The tagging plan. What is it for?
You want to track the traffic of your website and analyze the interactions of users with your content. For this, not the choice, you need to add tags from your web analytics solution, such as Google Analytics. Tags? Yes, tags also called tags or tracking tags, are small bits of code inserted on each of the pages of a site. They allow you to collect data about your visitors, to track their actions and their journeys. Thus, these markers are the basis for tracking your audience and the performance of your site. Little tips, little bits, always little bits… in the end, there’s something to get lost. A tagging plan (also called a tagging plan or tracking plan) is a document that accompanies you in deploying these tags, describing the organization and implementation process. The tagging plan is a document of reference to let you not forget what to tracker and how to tracker. This document becomes more and more context: website, mobile version, app… Explanations.
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Plan de l'article
- Tagging plan: definition
- The usefulness of the tracking plan
- Your tracking plan gives you answers that you won’t get by default
- First of all: what is a tag?
- How to make a marking plan?
- A marking plan must evolve with uses
- 4 mistakes to avoid with your tagging plan
- Prepare your URLs to track your acquisition traffic
Tagging plan: definition
Before you see why the marking plan is a must for success online and how it works, what exactly are we talking about?
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“The tagging or tagging plan is a document describing the organization and process of implementing tags on a website from the web analytics solution and enabling the measurement and analysis of a website’s audience” (source: Definitions-WebMarketing.com)
We differentiate a tagging plan that allows you to tag the entire site with the tracking of urls for tracking marketing campaigns.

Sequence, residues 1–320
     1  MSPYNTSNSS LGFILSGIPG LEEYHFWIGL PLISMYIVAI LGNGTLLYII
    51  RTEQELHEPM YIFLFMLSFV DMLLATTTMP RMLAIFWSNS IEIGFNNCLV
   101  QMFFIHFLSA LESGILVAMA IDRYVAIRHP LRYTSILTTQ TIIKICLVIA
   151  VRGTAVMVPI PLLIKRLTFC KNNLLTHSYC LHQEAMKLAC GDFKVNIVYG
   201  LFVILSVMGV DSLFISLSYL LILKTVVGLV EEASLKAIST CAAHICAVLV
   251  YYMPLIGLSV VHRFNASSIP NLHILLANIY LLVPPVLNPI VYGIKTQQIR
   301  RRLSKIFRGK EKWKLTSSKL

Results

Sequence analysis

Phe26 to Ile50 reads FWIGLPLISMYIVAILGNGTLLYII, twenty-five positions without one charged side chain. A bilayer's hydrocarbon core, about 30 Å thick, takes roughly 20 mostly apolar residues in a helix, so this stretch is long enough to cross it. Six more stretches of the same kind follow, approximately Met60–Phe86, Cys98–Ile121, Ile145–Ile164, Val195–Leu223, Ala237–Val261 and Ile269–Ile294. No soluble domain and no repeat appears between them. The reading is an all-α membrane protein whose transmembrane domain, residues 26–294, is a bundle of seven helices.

The usefulness of the tracking plan
What is the practical purpose of a marking plan?
The marking plan for a website is a document that allows you to adapt the installation of your web analysis solution to the structure of your site. With the tree of your website and the different elements on each page, you define the data you want to collect at each level. The site tree shows hierarchical levels (categories, subcategories, pages). To these elements, assign a specific name (the URL of the page) and specify the tracking codes to embed. Indeed, you will not track the same data on a contact form, a product sheet or a payment confirmation page. A tracking plan will help you to sort of map tags, indicating for each tag its location and content. This step is essential before the page marking and setting up the web analytics solution like Google Analytics.
Do not hesitate to consult our article which explains why to make a tagging plan.
Your tracking plan gives you answers that you won’t get by default
Here are some data that implementing a marking plan will allow you to obtain:
- Products added to the cart by your visitors
- The ROI of an AdWords Campaign (to the Announcement), Email, or Affiliate Campaign
- The effectiveness of your contact page
- Abandonment points when validating an order
- Track specific events without specific URLs (viewing a video, etc.)
- Sharing on social networks…
You will have understood: set up a strategic monitoring of Actions that really matter to the profitability of your business gives you the guns to make the right decisions with Google Analytics.
It also allows you to keep track of what you follow and where you follow it, and thus preserve the right quality of your data.
First of all: what is a tag?
As part of webanalysis, a tag is something you add to a link. When a user clicks on this link and lands on your site, the tag is used to send you valuable information related to his visit:
- Where it comes from
- What ad he clicked
- If it were a natural result… etc.
For example, let’s say you’re running a PPC campaign on the Bing/Yahoo network and have created multiple groups, titles and forms of ads.
Pool above ground
Easy to install and Economical
Free delivery 24 hours
www.siteimaginaire.com/swimming pool/above ground
When a customer clicks on this link, you already know it comes from your campaign, for the keyword “above ground pool”. The problem is what specific announcement caused this conversion. By adding a tag, the problem is solved: www.imaginary site. com?utm_src=bing&utm_campaign=free delivery&utm_medium=cpc).
This allows you to optimize your campaigns and make real decisions with your data.
The risk is to create tags no matter how, without strategic structure or proper formatting, at the risk of losing yourself in your own data (and dragging your team into the fall, in the same way) opportunity).
Discover our list of specific tags to use: tag lists